I've got one golfer. The other two aren't sports oriented. But I love The First Tee program for the one who is a golfer. He's learned a lot about the game and self control. For an Aspie, that's not something that comes naturally. I enjoy playing a round with him now and then and so does Dad.

 

We've never pushed the non sporty guys into anything. Oldest played baseball until he quit enjoying it and youngest is very physically active but isn't overly interested.

 

I think it really depends on your kid. We only insist they finish their commitment if they choose to do something and then they can stop after that. But that's for anything - not just sports. We are physically active in other ways though.

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I never would have thought sports were that important until my painfully shy daughter asked to play soccer. She went WAY out of her comfort zone because she really wanted to play. There has been an amazing transformation in her confidence. She plays soccer and softball and the boost to her self esteem is undeniable.

 

I don't push sports, but if I had a child that really showed interest, I would probably try to move things around in the budget to make it happen. I never understood the hype about organized sports until I saw the changes in my daughter. I get it now.

 

My son is not into athletics, at all, and we're fine with that.

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All the benefits listed on here are what I would agree with. There are other ways to learn those things, but if someone learns something through something they love, they tend to remember it better and apply it more. My brother teaches sports camps for a living through Campus Crusade so I might be a little biased though.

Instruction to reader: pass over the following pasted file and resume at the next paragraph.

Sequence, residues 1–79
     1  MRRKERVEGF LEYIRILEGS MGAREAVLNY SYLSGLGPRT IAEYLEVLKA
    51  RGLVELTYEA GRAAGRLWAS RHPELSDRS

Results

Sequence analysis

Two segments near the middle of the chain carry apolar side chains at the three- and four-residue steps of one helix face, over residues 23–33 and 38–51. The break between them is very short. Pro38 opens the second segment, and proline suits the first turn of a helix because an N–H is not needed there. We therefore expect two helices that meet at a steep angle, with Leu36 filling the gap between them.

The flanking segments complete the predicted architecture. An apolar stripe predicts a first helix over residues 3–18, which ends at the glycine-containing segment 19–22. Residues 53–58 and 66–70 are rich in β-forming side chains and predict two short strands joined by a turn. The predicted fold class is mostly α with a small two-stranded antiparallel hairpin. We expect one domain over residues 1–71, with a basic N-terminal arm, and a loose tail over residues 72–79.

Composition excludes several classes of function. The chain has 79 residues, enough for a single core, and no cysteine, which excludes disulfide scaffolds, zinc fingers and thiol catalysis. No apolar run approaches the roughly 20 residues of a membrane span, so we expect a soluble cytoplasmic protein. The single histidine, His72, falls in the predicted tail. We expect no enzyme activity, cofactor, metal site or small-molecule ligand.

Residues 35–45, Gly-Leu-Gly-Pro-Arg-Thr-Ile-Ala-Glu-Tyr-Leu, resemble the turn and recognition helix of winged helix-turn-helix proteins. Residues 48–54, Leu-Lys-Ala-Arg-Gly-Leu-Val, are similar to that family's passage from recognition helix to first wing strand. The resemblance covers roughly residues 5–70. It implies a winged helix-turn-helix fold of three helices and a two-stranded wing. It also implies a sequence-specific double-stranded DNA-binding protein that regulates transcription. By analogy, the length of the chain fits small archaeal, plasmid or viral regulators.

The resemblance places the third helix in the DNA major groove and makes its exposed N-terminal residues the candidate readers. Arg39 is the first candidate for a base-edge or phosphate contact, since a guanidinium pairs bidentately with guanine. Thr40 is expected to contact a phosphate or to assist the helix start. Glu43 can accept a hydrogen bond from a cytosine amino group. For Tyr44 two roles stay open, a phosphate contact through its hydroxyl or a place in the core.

I had never really thought much about what he does until I was visiting him once and we were playing around on the driveway with a b-ball while we visited (I talk best when I'm moving). I have never been amazing with my 3 point shots so was always trying to move around him to get closer to the basket. He stopped the game and asked why I wasn't shooting, I laughed at him and said I just don't do 3 pointers. He spent hordes of time teaching me how to use my legs properly and follow through and properly use the whole body to push the ball the distance. What surprised me about the whole thing was that for every little piece he had to teach, he connected it to something in life. By the time I had learned to do something as simple as a 3 point shot I had also been reminded that life cannot be lived with just my head, but with the whole body, we need to be focused on our goals, if we don't have a good foundation in what we are doing, we will end up off target with what we are shooting for, and that listening to others around us, can sometimes help us see things about ourselves, that we can't see on our own.

 

It's a long answer to your question, but I thought perhaps it applied. If you child doesn't like sports, than find perhaps it can learn all those things with something else that she loves. But if a kid enjoys sports, I can't think of a better way to help them learn all those things.

Edited by Dory